No clue how bad it’s going to get

A sad but enlightening piece at HuffPo that sheds some light on the BP disaster, and highlights that optimistic rhetoric coming forth from government and industry officials notwithstanding, the harsh reality is we have no clue when, if ever, the spill will be plugged, and therefore no clue how bad the environmental damage will be.  This has potential to be a catastrophic event with impact worldwide.

The Ixtoc disaster, however, is spit in the ocean compared to the British Petroleum apocalypse. Estimates are the current blowout is putting 200,000 gallons or 5000 barrels of crude per day into the waters of the Gulf. Ixtoc’s blowout was not capped until two relief wells were drilled and completed at the end of those nine months, and regardless of optimistic scenarios from the federal government or BP, relieving the pressure on the current flow is probably the only way to stop the polluting release of oil. The only way to relieve that pressure is with additional wells. No one is going to honestly say how much time is needed to drill such wells but consider the scope of environmental damage we are confronting if it requires at least as long as Ixtoc. Nine months of 5000 barrels of crude per day ought to turn the Gulf of Mexico into a lifeless spill pond and set toxins on currents that will carry them to deadly business around the globe.

NOAA apparently believes the situation is on the verge of getting worse. A leaked memo suggests that the tangle of pipes on the ocean floor are covering and constraining two other release points. Pressure is likely to blow those loose and, according to NOAA, the gusher will increase by “orders of magnitude.” In most interpretations, that phrase means a ten-fold rise in the flow, which will replicate the Ixtoc disaster in three days.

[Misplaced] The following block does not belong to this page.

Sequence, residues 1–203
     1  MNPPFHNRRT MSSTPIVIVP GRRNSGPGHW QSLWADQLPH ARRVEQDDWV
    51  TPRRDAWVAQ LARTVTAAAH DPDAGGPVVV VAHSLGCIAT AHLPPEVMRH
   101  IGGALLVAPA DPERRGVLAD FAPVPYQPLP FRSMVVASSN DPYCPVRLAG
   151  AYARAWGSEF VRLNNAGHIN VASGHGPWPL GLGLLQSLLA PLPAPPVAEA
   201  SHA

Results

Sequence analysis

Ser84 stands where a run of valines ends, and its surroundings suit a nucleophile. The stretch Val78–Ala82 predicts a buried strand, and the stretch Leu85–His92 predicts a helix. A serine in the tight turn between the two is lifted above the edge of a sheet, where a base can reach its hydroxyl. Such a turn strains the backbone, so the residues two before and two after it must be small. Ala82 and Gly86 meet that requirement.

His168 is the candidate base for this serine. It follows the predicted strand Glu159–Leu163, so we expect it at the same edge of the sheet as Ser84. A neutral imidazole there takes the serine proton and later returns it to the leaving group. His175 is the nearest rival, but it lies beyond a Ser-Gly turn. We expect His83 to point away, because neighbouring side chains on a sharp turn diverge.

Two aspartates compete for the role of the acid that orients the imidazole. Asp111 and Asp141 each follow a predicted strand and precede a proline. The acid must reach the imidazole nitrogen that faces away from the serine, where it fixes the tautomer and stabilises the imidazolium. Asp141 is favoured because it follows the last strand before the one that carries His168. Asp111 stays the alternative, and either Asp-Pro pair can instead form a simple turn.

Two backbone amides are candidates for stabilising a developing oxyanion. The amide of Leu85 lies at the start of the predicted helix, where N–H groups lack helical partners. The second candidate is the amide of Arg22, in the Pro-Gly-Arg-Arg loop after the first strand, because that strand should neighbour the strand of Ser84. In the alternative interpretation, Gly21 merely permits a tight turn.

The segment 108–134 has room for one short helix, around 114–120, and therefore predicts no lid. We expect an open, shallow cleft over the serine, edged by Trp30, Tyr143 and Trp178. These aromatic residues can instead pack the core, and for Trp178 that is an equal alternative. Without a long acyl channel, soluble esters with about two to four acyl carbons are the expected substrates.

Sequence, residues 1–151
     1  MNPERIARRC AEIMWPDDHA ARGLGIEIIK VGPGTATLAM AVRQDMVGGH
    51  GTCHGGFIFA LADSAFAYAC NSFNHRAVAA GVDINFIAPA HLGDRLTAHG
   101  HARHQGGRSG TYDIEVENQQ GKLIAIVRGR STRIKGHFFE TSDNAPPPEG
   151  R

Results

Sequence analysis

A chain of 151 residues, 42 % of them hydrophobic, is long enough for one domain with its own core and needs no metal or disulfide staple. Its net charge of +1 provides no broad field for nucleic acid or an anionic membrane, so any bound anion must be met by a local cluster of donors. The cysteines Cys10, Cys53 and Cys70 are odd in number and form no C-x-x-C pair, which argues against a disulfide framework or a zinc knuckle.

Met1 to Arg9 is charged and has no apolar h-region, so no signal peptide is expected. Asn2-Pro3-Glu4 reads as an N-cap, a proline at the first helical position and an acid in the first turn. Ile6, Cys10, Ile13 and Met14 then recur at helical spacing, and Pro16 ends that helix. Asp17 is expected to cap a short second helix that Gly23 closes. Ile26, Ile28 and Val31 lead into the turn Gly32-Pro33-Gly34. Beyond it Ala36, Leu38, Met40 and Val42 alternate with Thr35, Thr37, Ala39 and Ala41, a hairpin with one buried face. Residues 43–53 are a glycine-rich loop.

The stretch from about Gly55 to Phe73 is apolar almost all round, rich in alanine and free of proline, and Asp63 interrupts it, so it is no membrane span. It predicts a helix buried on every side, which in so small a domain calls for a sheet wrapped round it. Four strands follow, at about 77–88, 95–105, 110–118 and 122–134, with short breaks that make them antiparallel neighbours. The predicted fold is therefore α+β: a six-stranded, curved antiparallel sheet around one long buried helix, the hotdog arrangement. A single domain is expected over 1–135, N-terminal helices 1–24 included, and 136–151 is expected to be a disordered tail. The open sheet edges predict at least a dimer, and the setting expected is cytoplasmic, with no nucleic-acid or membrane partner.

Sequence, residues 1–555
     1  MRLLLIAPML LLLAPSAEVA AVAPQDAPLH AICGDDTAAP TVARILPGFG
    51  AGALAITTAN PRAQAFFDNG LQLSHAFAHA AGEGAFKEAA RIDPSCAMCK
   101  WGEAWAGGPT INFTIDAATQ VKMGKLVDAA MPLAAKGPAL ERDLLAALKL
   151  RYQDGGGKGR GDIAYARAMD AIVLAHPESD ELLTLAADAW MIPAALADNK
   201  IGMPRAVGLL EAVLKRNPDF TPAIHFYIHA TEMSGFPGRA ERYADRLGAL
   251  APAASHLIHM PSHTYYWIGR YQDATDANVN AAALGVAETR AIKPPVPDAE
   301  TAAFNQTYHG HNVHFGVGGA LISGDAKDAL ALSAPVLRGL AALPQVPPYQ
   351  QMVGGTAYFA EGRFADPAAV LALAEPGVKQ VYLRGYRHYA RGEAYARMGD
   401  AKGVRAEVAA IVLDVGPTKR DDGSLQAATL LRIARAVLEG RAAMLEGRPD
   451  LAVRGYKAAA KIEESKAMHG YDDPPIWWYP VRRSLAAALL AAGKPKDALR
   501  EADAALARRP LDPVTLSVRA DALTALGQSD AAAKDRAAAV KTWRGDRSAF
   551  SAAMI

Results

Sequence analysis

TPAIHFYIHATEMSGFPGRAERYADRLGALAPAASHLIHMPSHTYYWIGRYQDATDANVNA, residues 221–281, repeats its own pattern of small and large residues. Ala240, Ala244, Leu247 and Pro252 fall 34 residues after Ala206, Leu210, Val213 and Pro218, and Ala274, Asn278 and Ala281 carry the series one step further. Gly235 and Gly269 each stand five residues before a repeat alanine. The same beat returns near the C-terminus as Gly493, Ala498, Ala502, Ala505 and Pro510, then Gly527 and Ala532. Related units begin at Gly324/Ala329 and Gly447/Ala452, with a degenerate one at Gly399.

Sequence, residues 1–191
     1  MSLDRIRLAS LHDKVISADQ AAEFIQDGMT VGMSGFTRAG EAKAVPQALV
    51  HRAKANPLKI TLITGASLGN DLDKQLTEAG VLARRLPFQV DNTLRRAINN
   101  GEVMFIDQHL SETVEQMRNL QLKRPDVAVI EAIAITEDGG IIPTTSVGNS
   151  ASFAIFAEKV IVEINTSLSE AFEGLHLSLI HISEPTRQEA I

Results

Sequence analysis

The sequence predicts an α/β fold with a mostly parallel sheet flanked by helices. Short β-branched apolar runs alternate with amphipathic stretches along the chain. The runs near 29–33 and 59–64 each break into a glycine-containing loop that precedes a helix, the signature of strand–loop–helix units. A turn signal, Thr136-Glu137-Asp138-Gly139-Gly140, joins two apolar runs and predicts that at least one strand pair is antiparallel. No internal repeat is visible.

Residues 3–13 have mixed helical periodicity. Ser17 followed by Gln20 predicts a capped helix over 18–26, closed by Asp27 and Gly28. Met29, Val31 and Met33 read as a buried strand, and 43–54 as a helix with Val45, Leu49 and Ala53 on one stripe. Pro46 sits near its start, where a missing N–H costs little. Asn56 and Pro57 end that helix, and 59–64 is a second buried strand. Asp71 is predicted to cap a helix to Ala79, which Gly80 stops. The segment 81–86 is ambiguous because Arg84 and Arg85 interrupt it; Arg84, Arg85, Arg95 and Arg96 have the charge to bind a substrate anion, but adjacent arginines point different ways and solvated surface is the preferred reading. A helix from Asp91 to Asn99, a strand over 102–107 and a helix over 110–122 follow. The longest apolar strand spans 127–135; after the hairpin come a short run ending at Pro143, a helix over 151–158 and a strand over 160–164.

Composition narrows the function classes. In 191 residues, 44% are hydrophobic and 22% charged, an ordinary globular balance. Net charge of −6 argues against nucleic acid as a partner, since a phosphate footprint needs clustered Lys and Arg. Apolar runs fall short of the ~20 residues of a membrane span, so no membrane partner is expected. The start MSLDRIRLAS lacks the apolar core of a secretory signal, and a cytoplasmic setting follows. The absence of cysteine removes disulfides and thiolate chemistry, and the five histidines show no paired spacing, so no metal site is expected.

It’s not really been discussed enough, but this deep sea drilling is bleeding edge stuff, not the slam dunk that has been sold to the public, and the US regulatory apparatus simply isn’t up to the task of providing adequate oversight and demanding adequate safeguards.

Mr. Obama, can we PLEASE start moving on a sane, defensible, forward thinking energy policy?

Peak oil a lot closer than advertised

This isn’t new news to anyone who’s been paying attention.  But are we ready to make changes to compensate?

The world is much closer to running out of oil than official estimates admit, according to a whistleblower at the International Energy Agency who claims it has been deliberately underplaying a looming shortage for fear of triggering panic buying.

The senior official claims the US has played an influential role in encouraging the watchdog to underplay the rate of decline from existing oil fields while overplaying the chances of finding new reserves.

The allegations raise serious questions about the accuracy of the organisation’s latest World Energy Outlook on oil demand and supply to be published tomorrow – which is used by the British and many other governments to help guide their wider energy and climate change policies.